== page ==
Ghana’s inflation to remain stable despite election pressure – EIU
The stability is however premised on the avoidance of weather-related shocks to food production, the EIU stated in its March Country report made available to the Ghana News Agency in Accra, which noted however that some fiscal slippages ahead of the elections would represent an upside risk factor.
It noted that commodity prices were expected to moderate in 2012, although a recent cut in fuel subsidies and an increase to the minimum wage would offset that.
According to the report, inflation in 2012 is expected to average 8.6 per cent with fiscal policy expected to improve in 2013 and 2014 and international commodity prices remaining relatively flat, inflation should edge down, albeit limited by a weakening currency and strong consumption growth levels.
The cedi is expected to depreciate in 2012 as the current account and fiscal deficit increase and the global environment deteriorates, prompting some investors to switch from emerging markets back to safe-haven assets.
The EIU report indicates that election related uncertainty might well hit the exchange rate later in the year.
The cedi is therefore expected to depreciate to an average of GH¢1.73: $1 in 2012, but the fall in value could be larger if global economic performance is worse than expected. The cedi depreciated by 25 per cent during the troubles of 2008 to 2009.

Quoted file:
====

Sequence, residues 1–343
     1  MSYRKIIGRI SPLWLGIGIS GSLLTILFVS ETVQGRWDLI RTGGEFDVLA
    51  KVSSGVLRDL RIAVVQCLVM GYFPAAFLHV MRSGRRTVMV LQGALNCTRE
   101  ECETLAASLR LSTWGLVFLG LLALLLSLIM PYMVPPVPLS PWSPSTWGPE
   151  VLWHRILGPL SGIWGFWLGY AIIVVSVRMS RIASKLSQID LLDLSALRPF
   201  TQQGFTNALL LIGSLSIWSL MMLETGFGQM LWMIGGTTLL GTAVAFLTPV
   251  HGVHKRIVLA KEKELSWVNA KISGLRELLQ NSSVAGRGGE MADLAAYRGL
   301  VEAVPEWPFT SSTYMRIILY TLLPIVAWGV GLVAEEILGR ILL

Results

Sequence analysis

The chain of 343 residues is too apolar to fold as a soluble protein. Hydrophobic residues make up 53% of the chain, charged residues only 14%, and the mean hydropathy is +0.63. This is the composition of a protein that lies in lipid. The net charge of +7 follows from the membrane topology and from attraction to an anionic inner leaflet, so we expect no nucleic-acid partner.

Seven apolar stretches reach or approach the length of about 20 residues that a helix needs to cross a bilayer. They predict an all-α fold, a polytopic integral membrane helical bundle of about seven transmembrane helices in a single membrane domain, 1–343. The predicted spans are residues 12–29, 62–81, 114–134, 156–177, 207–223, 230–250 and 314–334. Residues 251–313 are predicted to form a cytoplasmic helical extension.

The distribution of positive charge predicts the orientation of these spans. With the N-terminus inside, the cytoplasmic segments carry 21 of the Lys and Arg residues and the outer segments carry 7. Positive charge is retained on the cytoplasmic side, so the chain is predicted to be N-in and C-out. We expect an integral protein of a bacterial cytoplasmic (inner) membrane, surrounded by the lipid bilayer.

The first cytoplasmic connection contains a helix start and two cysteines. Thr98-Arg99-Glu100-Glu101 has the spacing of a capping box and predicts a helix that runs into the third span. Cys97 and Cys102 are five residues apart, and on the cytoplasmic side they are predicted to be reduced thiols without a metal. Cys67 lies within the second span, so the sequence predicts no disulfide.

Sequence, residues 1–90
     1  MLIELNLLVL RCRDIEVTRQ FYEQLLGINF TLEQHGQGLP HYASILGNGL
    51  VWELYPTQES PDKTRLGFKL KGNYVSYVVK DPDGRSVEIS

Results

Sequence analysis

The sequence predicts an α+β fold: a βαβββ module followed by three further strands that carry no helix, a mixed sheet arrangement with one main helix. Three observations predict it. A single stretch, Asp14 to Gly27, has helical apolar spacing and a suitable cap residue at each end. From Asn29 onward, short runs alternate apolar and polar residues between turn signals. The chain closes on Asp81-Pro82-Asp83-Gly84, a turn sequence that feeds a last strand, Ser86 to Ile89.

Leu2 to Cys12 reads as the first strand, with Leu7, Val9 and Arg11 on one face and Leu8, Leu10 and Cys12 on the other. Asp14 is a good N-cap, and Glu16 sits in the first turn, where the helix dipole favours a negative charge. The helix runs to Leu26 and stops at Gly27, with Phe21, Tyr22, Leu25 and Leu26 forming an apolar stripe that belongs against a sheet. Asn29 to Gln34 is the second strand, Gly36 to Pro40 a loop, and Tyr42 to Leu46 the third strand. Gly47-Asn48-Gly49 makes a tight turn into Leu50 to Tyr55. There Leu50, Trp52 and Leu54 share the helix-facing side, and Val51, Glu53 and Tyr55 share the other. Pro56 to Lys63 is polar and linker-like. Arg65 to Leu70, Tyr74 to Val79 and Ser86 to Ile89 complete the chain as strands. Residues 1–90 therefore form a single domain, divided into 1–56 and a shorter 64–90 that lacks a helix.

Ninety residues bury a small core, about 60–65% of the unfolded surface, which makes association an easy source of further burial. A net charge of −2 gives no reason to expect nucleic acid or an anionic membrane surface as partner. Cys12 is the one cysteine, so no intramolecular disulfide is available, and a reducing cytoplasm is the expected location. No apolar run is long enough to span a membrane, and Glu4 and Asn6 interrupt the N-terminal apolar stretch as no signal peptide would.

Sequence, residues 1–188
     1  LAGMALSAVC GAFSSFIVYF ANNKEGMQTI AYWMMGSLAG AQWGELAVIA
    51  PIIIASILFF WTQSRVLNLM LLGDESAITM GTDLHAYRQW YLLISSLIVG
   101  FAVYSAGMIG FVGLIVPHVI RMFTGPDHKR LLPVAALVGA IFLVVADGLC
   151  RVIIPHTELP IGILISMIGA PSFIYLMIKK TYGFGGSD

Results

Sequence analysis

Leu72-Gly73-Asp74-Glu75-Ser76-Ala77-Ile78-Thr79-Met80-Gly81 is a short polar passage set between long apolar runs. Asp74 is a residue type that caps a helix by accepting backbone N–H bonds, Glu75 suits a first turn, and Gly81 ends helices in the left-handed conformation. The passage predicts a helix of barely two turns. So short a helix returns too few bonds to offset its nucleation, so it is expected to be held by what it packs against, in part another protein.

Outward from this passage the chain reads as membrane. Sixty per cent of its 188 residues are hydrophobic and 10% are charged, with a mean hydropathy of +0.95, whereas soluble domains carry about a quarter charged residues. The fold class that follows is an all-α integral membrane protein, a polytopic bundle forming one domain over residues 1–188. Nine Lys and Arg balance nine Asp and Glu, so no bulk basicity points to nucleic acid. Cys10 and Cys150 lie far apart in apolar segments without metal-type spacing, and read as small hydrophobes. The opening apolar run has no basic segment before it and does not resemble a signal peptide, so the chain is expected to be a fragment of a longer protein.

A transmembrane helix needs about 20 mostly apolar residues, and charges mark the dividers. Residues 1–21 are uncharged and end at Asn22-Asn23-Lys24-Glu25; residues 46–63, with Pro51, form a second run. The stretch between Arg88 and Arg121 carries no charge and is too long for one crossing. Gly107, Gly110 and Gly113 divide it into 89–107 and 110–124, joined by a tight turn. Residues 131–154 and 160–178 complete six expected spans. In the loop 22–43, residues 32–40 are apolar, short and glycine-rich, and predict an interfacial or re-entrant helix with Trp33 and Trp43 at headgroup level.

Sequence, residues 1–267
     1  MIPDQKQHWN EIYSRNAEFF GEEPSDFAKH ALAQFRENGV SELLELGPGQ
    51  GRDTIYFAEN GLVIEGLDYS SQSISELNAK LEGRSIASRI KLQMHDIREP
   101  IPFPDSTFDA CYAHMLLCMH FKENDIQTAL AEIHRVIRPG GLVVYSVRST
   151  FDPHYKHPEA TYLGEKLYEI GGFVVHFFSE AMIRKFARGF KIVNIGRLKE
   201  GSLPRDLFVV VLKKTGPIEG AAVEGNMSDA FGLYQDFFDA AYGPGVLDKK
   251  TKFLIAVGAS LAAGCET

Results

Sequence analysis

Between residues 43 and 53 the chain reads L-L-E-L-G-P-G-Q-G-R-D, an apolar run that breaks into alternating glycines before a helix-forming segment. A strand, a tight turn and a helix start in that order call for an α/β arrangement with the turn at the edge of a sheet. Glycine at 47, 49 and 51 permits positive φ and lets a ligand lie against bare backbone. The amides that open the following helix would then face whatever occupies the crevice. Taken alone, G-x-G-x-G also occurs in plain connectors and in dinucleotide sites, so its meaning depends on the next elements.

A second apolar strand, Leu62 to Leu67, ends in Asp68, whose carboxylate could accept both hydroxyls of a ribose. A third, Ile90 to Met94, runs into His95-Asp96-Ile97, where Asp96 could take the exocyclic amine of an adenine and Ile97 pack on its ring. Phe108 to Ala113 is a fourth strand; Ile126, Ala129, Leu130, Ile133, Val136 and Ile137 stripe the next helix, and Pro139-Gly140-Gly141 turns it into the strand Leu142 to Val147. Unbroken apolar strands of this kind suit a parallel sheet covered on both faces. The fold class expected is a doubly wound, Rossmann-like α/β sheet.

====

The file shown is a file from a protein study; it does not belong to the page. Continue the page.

“While a continued downward trend in the cedi is expected during the remainder of the forecast period, the rate of depreciation will slow owing to the strong domestic economic performance, especially as oil revenue increases,” the report indicated.
The EIU report forecasts that increases in oil production and gold prices should maintain export growth in 2012, although lower oil and cocoa prices amid weaker global trade conditions will restrict this growth.
Export receipts in the remainder of the forecast period will be hit by a protracted decline in gold prices.
However, this will be increasingly offset by gains in the oil and cocoa sectors where prices and production are expected to increase. Imports will continue to grow throughout the forecast period, owing to solid public and private demand, including capital imports for the development of infrastructure and the oil sector.
Lower international prices for many of Ghana’s imports will partly offset this, but not by enough to prevent the trade deficit from increasing as a share of GDP throughout 2012-14.
The EIU noted that services import and profit remittances would maintain a large invisibles deficit, especially as tourism receipts are likely to suffer in 2012 given weak global conditions.
The report said the current transfers would stay strongly positive as donors remained engaged, but the growth in workers’ remittances was expected to be tempered by economic uncertainty in the West, where many Ghanaians work.
Overall, although Ghana’s establishment as an oil producer will be a boon for the external accounts, the mitigating factors (including strong import growth and the slowdown and then reversal of export growth) will mean that the current account deficit increases from 8.2 per cent of GDP in 2012 to 10 per cent of GDP in 2014.